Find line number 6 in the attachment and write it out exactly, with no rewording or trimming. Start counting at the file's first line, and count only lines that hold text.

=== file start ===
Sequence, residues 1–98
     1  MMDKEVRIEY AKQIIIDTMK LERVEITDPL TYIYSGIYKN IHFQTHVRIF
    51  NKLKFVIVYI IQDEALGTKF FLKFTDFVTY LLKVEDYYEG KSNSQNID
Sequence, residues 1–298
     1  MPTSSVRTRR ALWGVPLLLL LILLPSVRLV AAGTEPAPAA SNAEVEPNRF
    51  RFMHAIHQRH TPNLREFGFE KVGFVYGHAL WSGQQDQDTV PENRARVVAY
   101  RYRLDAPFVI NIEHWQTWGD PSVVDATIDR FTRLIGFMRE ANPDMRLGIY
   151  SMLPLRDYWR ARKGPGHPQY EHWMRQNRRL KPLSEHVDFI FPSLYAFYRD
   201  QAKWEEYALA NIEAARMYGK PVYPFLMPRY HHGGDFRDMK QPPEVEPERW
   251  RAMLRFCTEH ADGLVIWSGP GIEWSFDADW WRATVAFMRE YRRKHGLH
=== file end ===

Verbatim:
    51  RFMHAIHQRH TPNLREFGFE KVGFVYGHAL WSGQQDQDTV PENRARVVAY